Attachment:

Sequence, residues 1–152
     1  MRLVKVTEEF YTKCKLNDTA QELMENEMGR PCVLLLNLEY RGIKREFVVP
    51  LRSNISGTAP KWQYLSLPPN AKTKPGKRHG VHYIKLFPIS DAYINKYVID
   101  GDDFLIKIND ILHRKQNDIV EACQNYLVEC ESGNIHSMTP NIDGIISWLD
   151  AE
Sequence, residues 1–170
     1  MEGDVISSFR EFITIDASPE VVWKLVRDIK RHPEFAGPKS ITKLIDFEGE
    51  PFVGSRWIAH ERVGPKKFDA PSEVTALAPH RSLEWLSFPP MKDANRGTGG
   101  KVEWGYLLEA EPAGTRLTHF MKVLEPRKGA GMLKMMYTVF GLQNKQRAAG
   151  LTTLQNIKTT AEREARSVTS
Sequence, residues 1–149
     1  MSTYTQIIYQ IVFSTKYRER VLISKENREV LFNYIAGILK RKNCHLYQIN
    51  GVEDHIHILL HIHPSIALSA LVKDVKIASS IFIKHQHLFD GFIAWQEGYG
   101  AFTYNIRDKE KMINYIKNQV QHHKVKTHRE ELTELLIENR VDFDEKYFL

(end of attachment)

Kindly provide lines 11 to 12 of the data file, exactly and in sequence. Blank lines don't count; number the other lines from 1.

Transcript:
Sequence, residues 1–149
     1  MSTYTQIIYQ IVFSTKYRER VLISKENREV LFNYIAGILK RKNCHLYQIN